Mistreatment of Taxpayers by the Canada Revenue Agency (CRA)

The door has opened a bit more for taxpayers to hold Canada Revenue Agency (“CRA”) and its agents accountable for the mistreatment of taxpayers.

In Leroux v CRA, 2014 BCSC 720, a recent case of the British Columbia Supreme Court emerging from the Prince George registry, Mr. Irvin Leroux took on the CRA in an attempt, amongst other things, to establish that the CRA and its officials have a duty to treat taxpayers fairly and to administer Canada’s Income Tax Act responsibly.

The encounters of Mr. Leroux with the CRA were the stuff of nightmares. Mr. Leroux was incorrectly assessed over $600,000 in taxes, interest, and penalties, he claimed to have been threatened with high tax penalties unless he paid a certain CRA auditor a bribe of $25,000, and he alleged that the loss of his business (an RV park which was also his home), the loss of most of his property, and the deterioration of his health were all a result of the negligent, and potentially malicious, actions of employees of the CRA.

Neither Canada’s Income Tax Act nor its Excise Tax Act provide recourse for the negligent performance of duties by a CRA official where such negligence causes injury to an individual taxpayer.1 There is no independent body dedicated to holding CRA officials answerable for their actions exists, and even the Tax Court of Canada, which has exclusive jurisdiction under the Income Tax Act and the Excise Tax Act, is unable to provide a remedy to taxpayers. Seeking justice, Mr. Leroux brought his claim against the CRA to the Supreme Court of British Columbia and argued that his case, and the devastation wrought upon his life as a consequence of CRA actions, highlighted the need for accountability and the establishment of a forum in which CRA employees could be called upon to justify their behaviour.

Judge Humphries, presiding over Mr. Leroux’ case, emphasized two key factors in establishing whether a duty of care exists between parties: (1) whether the parties are in a relationship of sufficient proximity such that it is reasonable for one party to recognize that carelessness in their actions may be likely to cause damage to the other party, and (2) whether there are any considerations which should negative or reduce the scope of the duty, which should reduce the class of person to whom it is owed, or which should reduce the damages to which a breach of the duty may give rise.2

Although the CRA took the position that it owes a duty to the Minister of National Revenue and to the public at large, and that that duty consists of supervising Canada’s self-assessment taxation system, the CRA did admit that a lack of due care on the part of its employees has the possibility to cause harm to taxpayer.3 The CRA argued, however, that the possibility of causing harm does not mean that CRA has a legal duty to ensure a sufficient level of care is exercised when administering the Income Tax Act. A reasonable foreseeability of harm does not amount to a duty of care.4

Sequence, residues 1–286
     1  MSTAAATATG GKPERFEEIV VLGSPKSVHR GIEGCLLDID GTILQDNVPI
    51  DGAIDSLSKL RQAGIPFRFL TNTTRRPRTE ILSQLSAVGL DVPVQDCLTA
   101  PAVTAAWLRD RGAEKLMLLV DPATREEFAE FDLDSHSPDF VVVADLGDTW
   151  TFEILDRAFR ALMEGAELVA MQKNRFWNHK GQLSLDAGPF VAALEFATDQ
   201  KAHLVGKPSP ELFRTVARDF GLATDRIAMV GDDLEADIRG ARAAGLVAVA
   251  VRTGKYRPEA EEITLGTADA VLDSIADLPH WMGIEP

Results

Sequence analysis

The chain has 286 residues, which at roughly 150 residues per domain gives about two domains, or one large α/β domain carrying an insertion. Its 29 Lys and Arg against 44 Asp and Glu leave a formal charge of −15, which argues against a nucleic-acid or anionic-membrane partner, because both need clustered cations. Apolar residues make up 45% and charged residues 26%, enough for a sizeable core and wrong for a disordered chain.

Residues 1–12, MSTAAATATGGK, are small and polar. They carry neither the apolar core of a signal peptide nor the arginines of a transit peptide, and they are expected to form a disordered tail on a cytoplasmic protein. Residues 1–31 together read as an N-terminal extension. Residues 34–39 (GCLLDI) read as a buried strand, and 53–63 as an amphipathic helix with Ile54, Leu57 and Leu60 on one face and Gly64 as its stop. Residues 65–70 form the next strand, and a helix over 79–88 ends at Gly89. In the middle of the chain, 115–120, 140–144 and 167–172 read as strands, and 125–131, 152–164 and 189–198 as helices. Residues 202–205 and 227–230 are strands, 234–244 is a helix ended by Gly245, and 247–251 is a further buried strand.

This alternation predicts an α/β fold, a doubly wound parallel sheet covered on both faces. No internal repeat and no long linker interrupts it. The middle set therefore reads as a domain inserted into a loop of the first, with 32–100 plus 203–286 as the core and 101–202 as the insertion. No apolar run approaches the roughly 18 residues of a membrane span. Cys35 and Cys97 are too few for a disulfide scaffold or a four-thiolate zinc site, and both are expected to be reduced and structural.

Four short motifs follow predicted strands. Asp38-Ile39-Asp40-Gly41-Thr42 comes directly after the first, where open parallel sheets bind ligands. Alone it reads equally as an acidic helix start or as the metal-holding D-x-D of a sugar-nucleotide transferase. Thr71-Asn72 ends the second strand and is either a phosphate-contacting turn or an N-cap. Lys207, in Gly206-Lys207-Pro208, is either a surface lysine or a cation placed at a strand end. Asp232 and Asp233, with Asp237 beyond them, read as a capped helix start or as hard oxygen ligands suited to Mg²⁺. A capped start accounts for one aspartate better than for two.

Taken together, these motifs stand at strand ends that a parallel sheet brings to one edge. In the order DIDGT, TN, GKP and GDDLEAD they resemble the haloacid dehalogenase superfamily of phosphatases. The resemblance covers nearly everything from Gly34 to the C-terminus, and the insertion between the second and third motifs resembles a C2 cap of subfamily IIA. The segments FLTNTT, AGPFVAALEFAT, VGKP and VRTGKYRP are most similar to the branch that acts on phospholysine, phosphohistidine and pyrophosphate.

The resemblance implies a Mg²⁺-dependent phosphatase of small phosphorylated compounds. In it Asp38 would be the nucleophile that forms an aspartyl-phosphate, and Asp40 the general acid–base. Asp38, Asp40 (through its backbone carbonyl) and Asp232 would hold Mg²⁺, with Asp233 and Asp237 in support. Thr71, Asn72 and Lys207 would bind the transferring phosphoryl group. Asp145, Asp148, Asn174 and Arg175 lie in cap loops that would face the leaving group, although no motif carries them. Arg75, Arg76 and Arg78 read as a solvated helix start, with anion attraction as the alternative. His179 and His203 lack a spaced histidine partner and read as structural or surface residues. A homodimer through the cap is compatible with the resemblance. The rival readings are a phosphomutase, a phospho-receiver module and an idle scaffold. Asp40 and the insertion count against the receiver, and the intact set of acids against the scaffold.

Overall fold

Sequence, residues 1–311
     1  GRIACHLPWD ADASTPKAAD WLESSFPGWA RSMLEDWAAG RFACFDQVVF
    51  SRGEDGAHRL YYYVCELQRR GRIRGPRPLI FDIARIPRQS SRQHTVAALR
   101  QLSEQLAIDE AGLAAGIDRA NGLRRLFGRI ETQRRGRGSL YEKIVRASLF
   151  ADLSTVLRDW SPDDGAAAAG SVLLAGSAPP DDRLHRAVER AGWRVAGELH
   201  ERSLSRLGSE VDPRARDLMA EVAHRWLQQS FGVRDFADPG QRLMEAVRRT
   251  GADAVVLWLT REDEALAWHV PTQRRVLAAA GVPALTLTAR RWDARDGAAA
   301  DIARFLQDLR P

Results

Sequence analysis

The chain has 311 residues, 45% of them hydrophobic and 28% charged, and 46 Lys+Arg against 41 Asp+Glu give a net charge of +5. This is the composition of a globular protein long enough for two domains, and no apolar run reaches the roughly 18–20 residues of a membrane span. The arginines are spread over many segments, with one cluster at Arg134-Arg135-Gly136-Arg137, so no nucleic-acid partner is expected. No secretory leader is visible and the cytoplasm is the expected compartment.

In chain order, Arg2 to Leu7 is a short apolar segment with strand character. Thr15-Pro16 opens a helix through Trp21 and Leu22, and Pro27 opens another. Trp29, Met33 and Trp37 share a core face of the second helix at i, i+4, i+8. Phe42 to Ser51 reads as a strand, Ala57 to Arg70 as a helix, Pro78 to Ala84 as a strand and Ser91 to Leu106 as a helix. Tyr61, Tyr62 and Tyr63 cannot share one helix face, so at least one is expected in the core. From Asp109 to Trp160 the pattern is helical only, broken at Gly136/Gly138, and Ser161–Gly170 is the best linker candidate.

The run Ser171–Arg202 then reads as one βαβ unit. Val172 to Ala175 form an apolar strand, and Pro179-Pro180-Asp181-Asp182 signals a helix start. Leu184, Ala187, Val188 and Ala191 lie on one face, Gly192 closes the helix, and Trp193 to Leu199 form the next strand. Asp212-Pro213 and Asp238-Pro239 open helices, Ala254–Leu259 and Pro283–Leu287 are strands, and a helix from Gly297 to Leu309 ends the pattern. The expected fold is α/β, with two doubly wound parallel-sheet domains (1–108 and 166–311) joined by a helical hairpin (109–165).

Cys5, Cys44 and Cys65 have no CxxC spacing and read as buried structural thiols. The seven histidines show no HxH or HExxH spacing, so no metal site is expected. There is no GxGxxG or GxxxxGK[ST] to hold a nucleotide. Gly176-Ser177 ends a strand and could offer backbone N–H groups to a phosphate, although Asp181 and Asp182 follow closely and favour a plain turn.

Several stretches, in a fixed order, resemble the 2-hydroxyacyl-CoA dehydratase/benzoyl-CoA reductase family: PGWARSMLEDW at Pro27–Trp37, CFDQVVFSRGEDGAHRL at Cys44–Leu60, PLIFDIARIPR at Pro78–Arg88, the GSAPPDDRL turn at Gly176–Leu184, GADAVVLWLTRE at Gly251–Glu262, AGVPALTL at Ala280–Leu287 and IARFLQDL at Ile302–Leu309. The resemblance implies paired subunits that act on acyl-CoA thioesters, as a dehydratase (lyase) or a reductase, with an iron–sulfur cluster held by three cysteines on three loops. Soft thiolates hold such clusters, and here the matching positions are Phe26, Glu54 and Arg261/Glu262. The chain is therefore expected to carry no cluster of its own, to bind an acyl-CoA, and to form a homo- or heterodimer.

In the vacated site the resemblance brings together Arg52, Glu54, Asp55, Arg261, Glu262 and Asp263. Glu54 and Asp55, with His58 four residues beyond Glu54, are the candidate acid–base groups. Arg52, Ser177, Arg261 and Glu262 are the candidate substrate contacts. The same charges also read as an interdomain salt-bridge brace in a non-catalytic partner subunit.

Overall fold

Importantly for Canadian taxpayers, Judge Humphries disagreed and found that in the case of Mr. Leroux, a taxpayer who endured an intensive audit taking place over many years and covering three years of statute barred taxes, involving three auditors and many face to face meetings and phone calls, surviving significant changes in tax characterizations and culminating in huge penalties, a duty of care was indeed owed to him by the CRA and a breach of the standard of care expected had occurred. In the past, Canadian courts have been reluctant to impose legally binding duties of care upon government employees, making Judge Humphries’ finding in favour of the Canadian taxpayer a decisive step forward.5

Judge Humphries contemplated policy considerations and was unable to find any conflicts with a duty imposed upon the CRA to take reasonable care in assessing taxes, auditing taxpayers, and imposing penalties. With a duty established, Judge Humphries stated the standard of care expected of CRA officials to be simply that they are “to deal fairly and openly with all taxpayers and to administer the Act in accordance with the law.”6

The case of Mr. Leroux is an important one for Canadian taxpayers, plainly imposing a duty of care upon CRA officials and establishing a standard to which those officials are to be held to in circumstances similar to those of Mr. Leroux. Unfortunately for Mr. Leroux, he received no compensation for the mistreatment he received at the hands of the CRA. Legal challenges against the government are expensive and risky. You may win a moral victory but achieve little more. In this case, Judge Humphries was unable to find a link between the losses Mr. Leroux claimed he suffered and the misconduct he claimed CRA had committed. As a result, despite a finding against the CRA, Mr. Leroux remains uncompensated for the poor behaviour on the part of agents of the CRA.

Hopefully though, this decision opens the door for other taxpayers who have been blatantly mistreated by the CRA to seek justice and, when appropriate, obtain compensation for losses suffered.

1 Paragraph 298.
2 Paragraph 272.
3 Paragraph 247.
4 Paragraph 277.
5 Paragraph 309. Also see paragraph 248 – CRA says the issue of whether a private law duty of care exists in this context has already been established. A series of cases have held that no such duty exists (Canus v. Canada Customs, 2005 NSSC 283; Alberta Ltd. v. Canada (Attorney General), 2010 ABCA 226; Leighton v. Canada (Attorney General), 2012 BCSC 961; Foote v. Canada (Attorney General), 2011 BCSC 1062).
6 Paragraph 308.


Tom Fellhauer heads up the Tax Group at Pushor Mitchell LLP. You can contact Tom at 250-869-1165, or at [email protected]

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